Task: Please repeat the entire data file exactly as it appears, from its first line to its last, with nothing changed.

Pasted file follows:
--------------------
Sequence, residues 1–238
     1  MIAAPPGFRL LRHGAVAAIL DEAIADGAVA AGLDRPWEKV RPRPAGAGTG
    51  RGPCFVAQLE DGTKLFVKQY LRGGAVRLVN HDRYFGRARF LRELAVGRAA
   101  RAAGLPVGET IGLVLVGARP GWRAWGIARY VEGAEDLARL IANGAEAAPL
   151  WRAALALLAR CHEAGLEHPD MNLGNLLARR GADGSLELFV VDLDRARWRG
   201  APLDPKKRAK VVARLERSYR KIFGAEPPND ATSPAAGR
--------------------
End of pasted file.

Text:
Sequence, residues 1–238
     1  MIAAPPGFRL LRHGAVAAIL DEAIADGAVA AGLDRPWEKV RPRPAGAGTG
    51  RGPCFVAQLE DGTKLFVKQY LRGGAVRLVN HDRYFGRARF LRELAVGRAA
   101  RAAGLPVGET IGLVLVGARP GWRAWGIARY VEGAEDLARL IANGAEAAPL
   151  WRAALALLAR CHEAGLEHPD MNLGNLLARR GADGSLELFV VDLDRARWRG
   201  APLDPKKRAK VVARLERSYR KIFGAEPPND ATSPAAGR